WORLDWIDE – The competitive cheerleading industry has become more connected than any youth sports industry world-wide. Utilizing social media platforms like Twitter, Facebook, Instagram, and Snapchat the industry has become so inseparable that at times it has become impossible to escape the grips of an online community with such a massive digital footprint. Like with any story there are multiple sides to be told. Similarly, the cheerleading anons culture that has gripped the cheerleading industry on social media, for several seasons, has multiple facets. In exploring this niche subculture that operates just below the mainstream timeline, but still close enough to end up on the casual user’s news feed, we learned that there are two very different sides to this realm, good and bad. Together, we will explore the who, why, and how of each of these polar opposite subgroups that combined have created the afore mentioned “anon” subculture.
Cheerleading Anons, a Subculture:
When we set out to create this feature on the anon culture we were inundated with concern from the positive “cheerleading anons” community, all with a general concern over their mislabeling of all “cheerleading anons” being negative. We remained committed to approaching the topic from the most fair standpoint that we could, assuring them that we would ensure that the classifications of “cheerleading anons” would become evidently separate. Over the last few weeks we were surprised to learn there are many positive anons who we have and have not heard of. They have self-tasked themselves with the job of being inspirational and uplifting, while sharing in their love of the sport. We promised the members of this subclass that we would be sure to tell their story with a hope of setting them into their own subculture, as to not be dragged down with the lump association of the negative connotations that come with what “cheerleading anons” have become to be known.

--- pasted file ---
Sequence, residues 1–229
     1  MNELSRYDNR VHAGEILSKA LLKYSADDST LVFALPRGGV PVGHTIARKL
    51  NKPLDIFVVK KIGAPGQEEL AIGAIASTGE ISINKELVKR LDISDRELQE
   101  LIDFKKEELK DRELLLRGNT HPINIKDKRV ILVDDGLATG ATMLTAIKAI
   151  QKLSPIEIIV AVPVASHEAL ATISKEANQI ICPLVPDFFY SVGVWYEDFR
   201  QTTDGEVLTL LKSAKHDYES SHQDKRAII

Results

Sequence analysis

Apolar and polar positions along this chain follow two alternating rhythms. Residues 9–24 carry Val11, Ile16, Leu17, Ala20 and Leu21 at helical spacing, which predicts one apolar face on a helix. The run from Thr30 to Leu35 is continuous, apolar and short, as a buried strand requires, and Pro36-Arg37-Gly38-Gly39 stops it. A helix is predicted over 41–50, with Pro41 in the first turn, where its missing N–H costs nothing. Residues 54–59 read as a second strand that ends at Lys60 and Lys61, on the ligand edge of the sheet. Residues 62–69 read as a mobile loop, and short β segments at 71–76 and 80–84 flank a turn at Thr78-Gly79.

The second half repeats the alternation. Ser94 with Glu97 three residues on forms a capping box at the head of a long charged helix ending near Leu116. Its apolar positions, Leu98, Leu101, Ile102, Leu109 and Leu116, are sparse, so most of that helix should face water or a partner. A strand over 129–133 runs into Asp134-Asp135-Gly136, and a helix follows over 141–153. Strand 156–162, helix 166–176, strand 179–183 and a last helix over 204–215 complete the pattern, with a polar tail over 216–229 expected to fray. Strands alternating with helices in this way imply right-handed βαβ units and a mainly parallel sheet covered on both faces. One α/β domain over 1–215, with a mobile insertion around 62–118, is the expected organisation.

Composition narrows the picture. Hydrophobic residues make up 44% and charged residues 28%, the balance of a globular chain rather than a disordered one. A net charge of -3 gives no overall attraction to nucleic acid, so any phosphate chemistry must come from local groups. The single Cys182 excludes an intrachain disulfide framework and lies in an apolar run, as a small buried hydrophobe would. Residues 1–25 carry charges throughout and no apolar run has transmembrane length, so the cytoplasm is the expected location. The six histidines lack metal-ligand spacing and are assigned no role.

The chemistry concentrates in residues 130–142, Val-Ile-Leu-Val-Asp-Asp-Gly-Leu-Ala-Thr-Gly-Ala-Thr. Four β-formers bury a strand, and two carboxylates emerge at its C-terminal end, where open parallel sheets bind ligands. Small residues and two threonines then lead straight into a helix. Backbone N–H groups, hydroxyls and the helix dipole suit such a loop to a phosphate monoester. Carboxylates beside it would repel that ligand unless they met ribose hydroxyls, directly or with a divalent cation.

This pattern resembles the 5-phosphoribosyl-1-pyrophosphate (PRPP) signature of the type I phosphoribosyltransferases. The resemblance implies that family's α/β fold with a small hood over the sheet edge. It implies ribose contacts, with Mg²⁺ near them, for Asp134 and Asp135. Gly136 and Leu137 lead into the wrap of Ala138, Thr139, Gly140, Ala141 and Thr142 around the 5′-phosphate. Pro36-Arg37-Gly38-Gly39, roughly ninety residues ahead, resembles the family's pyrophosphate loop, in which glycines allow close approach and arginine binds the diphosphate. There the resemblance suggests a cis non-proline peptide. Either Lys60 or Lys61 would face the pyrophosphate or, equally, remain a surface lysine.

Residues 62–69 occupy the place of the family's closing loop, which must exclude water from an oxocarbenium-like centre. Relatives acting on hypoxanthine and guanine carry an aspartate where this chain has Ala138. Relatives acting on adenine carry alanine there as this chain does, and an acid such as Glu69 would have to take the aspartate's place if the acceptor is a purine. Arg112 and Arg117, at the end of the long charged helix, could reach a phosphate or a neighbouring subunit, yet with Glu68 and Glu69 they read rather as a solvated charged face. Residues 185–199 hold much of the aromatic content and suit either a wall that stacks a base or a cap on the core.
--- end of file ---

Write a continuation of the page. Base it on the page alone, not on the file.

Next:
There is nothing wrong with being anonymous when you can poignantly discuss cheerleading from an educated standpoint. In this realm, there is no place for negativity or constant beat downs on teams or athletes specifically. The selflessness that exists amongst this category of accounts is unmatched, these users are full of uplifting compliments with no means of elevating ones self for being a good person.
To counter the above, we examine what the generalized type of “cheerleading anons” is. We have all seen it. Everyday in real life we identify stories to be fake or untrue at first sight. Specific to cheerleading, this misguided subclass focuses on more targeted attacks. Much of what the negative side of this subculture dwells on is short lived drama for no other reason but to elicit a response. This subclass of social media user thrives on any and all types of attention, and will utilize whatever methods to gain it. We have all seen instances of these accounts being negative without any apparent reason. We have seen these accounts, without a clear identity, demean the hard work of athletes and coaches in this industry exploiting an instance where perfection was eclipsed by error. We have all seen the aggressive and attacking nature in their posts as they seek to self elevate their account in some weird and convoluted way that is not connected to self notoriety.
The “tea” (information) that they disseminate to their drama hungry following often plays no actual role or purpose in the growth of the sport. The hungry audience that thrives off of these instances have their own self reflecting to do. The negative side of this culture has begun to have adverse effects on the growth and sustainability of all star cheerleading. It is important for us to remember that all star cheerleading is a luxury, and a privilege. Parents across the globe everyday have the opportunity to enroll their children in youth sports. They seek to foster a safe environment for their children, one where they can learn life long lessons. The negative side of this industry has polluted what should be an attractive sport, forcing parents to make the easy decision of other sport options. We are not naive to think that other sports do not have negative subcultures, however, they don’t play out in connected communities the way they do in the cheerleading.